About the Customer
At the end of 2015, the XPRIZE foundation launched the Shell Ocean Discovery competition,
a three-year global challenge to advance deep-sea exploration using autonomous
subsea drones. Teams competed to develop underwater robots that could fully map
500 km2 of seafloor at a 4 km depth in less than 24 hours with no human intervention.
One of the competing teams was TEAMTAO, a collaboration of Newcastle University,
SMD (Soil Machine Dynamics Ltd), and UK Research and Innovation. Altair joined
the project as a technical design partner and provided the team with simulation expertise
to virtually simulate, optimize, and test the devices. The Altair simulation specialists
followed a simulation-driven design approach in order to save on development time
and physical prototyping.
TEAMTAO’s goal was to change the way ocean data is collected by developing a low-cost
platform using a ‘CubeSat’ like philosophy. The compact autonomous platform consisted
of the BEMs (Bathypelagic Excursion Module), a swarm of vertically swimming AUVs
and the surface vessel. It also had a 'vending machine' style autonomous surface
catamaran that was responsible for the horizontal transit, data handling, communication,
and recharging of the BEMs. At its core development, TEAMTAO strived for three main
principles: minimal localized complexity, self-sustainability, and scalability.
TEAMTAO’s unique concept was to develop a swarm of these devices all communicating
with each other and sharing information. Originally, the swarm included about 20 subsea
devices but could easily be scaled to higher numbers depending on the site being scanned.
To virtually test the devices upfront and to predict what would happen in a range of
different scenarios at deep depths without risking the prototype, TEAMTAO turned
to Altair. For example, the team tested how the structure would deal with extremely
high pressures. The simulation also provided insights on how efficiently the device might
move from the surface to its target, whether the power requirements are sufficient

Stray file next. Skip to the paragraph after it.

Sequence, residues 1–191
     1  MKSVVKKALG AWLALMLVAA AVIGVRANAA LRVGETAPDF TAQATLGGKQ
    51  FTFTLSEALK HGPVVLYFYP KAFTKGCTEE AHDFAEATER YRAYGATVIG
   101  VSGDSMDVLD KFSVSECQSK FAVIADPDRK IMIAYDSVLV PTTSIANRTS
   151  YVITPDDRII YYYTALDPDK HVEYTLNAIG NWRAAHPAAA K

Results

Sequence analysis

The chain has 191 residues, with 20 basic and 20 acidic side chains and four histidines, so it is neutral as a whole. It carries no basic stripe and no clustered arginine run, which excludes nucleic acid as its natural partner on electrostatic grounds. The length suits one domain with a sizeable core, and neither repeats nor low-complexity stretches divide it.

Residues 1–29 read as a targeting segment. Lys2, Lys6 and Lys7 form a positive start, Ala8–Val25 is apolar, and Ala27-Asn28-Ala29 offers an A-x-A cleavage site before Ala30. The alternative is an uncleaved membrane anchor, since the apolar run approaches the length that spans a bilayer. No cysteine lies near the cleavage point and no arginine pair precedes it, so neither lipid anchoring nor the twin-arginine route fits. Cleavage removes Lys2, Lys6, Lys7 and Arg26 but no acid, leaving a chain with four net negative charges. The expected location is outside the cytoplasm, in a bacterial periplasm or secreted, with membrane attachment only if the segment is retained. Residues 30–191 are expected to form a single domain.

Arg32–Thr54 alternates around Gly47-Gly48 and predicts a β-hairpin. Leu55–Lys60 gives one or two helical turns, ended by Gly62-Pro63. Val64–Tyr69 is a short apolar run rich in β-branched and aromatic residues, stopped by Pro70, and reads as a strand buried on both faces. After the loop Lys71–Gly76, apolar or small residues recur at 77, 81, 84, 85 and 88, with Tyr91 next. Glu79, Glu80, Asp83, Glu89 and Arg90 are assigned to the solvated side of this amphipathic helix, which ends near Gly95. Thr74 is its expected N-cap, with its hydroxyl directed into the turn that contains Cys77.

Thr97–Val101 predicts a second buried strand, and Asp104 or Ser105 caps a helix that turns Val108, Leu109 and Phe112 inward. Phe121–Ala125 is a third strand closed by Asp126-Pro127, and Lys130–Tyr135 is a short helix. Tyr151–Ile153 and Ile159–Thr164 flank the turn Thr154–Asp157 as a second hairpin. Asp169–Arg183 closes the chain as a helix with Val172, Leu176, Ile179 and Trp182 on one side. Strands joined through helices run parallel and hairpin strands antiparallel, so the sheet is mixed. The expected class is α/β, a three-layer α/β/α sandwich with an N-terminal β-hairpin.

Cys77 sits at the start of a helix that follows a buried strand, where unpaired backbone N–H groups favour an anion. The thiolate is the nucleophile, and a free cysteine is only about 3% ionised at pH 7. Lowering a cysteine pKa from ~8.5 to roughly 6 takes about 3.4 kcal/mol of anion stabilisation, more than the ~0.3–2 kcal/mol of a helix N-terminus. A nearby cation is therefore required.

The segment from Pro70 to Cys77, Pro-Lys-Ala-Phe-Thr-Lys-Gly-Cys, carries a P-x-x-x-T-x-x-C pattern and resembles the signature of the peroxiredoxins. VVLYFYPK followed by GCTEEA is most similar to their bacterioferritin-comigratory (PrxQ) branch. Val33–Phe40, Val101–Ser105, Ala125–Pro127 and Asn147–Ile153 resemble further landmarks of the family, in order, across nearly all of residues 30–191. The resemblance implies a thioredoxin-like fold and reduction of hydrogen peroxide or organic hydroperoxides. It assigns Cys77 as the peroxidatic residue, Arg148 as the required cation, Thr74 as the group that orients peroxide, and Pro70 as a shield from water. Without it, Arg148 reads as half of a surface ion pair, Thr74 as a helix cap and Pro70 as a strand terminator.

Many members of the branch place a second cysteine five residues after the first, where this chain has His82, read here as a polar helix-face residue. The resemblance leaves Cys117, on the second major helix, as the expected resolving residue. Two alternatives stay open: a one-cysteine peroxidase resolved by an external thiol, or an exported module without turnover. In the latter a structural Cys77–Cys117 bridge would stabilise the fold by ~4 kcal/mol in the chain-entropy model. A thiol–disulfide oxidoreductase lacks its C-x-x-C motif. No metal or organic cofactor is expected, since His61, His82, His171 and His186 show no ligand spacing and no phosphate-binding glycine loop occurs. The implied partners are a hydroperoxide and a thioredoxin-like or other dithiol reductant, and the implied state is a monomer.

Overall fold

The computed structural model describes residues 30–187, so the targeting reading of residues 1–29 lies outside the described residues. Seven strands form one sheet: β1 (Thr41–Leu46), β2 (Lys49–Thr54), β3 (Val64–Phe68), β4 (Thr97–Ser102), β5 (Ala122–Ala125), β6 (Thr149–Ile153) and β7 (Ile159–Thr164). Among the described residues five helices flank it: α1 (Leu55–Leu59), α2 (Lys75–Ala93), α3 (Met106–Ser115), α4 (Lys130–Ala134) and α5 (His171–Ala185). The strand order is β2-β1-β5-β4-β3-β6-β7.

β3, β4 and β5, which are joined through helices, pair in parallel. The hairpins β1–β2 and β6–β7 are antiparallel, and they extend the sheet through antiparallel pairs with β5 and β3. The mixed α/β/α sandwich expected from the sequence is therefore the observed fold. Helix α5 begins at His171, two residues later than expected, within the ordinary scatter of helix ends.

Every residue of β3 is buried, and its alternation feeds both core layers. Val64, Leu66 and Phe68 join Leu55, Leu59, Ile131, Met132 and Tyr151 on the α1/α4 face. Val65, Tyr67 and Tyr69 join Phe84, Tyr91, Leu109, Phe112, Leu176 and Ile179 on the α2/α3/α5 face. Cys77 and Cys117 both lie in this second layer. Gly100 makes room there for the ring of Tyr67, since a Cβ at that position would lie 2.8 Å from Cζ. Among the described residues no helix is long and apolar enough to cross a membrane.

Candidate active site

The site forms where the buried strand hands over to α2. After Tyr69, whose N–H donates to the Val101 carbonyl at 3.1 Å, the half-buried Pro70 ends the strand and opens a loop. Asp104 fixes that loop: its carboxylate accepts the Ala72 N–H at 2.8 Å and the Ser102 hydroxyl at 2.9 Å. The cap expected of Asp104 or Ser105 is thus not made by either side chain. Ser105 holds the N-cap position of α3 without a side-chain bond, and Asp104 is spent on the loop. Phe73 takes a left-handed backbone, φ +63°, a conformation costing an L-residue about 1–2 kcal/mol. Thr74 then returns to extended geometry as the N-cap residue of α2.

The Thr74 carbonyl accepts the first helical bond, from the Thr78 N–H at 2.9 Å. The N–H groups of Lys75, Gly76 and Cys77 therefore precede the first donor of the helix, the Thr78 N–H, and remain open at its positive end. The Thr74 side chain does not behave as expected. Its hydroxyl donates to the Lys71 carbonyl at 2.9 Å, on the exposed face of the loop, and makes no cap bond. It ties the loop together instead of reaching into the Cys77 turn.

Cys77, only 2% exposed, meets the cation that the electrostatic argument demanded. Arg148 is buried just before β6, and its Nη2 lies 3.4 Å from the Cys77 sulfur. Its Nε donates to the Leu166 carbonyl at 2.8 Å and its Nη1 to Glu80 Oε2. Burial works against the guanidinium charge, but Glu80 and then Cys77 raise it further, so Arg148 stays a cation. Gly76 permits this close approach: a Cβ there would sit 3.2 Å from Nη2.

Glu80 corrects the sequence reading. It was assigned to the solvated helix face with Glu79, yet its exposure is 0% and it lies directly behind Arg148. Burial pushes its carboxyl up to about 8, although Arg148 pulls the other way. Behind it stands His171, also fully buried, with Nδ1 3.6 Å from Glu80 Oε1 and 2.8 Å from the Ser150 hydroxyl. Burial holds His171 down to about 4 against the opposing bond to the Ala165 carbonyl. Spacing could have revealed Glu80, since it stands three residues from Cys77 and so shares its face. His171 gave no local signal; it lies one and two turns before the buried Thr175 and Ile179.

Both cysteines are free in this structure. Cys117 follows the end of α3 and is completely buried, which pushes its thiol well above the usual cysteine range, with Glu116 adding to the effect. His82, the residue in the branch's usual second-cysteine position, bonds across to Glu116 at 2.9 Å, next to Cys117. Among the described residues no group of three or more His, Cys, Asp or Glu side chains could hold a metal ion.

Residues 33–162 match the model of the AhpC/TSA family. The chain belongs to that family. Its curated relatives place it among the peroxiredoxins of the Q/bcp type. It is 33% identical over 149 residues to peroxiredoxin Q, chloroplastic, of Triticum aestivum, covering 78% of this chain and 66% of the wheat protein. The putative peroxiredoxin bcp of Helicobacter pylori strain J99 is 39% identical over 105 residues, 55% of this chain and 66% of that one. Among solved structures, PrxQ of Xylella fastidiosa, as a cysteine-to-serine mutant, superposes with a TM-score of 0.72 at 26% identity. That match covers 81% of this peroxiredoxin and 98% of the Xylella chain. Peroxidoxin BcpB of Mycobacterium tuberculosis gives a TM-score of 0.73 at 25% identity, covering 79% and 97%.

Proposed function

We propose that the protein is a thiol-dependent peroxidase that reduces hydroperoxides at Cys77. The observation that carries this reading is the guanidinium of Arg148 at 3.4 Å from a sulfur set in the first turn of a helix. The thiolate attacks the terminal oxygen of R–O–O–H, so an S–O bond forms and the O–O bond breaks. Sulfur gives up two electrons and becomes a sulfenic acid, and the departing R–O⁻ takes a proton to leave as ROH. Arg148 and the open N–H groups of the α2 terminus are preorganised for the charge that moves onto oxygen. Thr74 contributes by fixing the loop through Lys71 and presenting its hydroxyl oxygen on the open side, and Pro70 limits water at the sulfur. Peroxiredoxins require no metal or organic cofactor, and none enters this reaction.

to get it from the start to the end position, and whether there might be any overheating
during that process.
Altair deployed computer aided engineering (CAE) tools from the Altair HyperWorks™ suite
such as the nonlinear finite element solver Altair Radioss™, to understand the stressing
of the mechanical components. Altair Activate® was used for electro-mechanical
system development and Altair Compose® was used to study the custom loading routines.
Altair OptiStruct™ was used for static stressing of components and structural
While the team used a test tank to physically assess single components, they studied
larger assemblies by simulating their functions to learn if the structure would or would
not suffer any damage at depth. In addition to reaching structural efficiency, the system
model gave high-level insights on the control system for different scenarios like frequently
changing deep-sea currents at depths up to 4 km. The device still needed to be able to
find its way to the target position even though there was no constant data stream and the
passing of signals from the device to the surface was on a low frequency with big gaps of
time in-between. A digital twin was used to collect data from the physical system in order
to inform the digital model and control system how to further improve the capability and
efficiency of the physical devices. Due to the multitude of difficult scenarios that can push
the device off target, the ability to make the device dive more efficiently is a key feature
of the digital twin.
“Using Altair solutions, TEAMTAO was able to test the
control system and the system behavior with the digital
twin prior to the field test. This virtual commissioning
allowed a rapid project progress and is also a promising
approach for the further development of the SMD offering.”
– Chris Wilkinson
Chief Technology Officer, SMD
TEAMTAO was the only UK team and one of the smallest teams to reach the grand final of
the XPRIZE. During the final round of testing, TEAMTAO successfully demonstrated their
autonomous swarm system technology and competed against seven other teams from
around the world to map an area the size of Paris in deep waters off the coast of Greece
near the port of Kalamata. TEAMTAO was honored for their exceptional accomplishments
and in recognition of their highly innovative approach with the $200,000 Moonshot Award.
Using simulation to predict how the devices behave makes them more robust for scenarios
that can’t be predicted. By simulating and optimizing models of single components as well
as assemblies and entire systems, the team was able to develop a swarm system that can
bear high pressure in deep-sea while fully autonomously reaching its target position to
scan the sea floor. The full model also provided a parallel digital twin of the system, so any
new aspect is able to be quickly considered and built into the system. In combination with
the structural simulation, this allowed for fast and focused design-to-prototype iterations.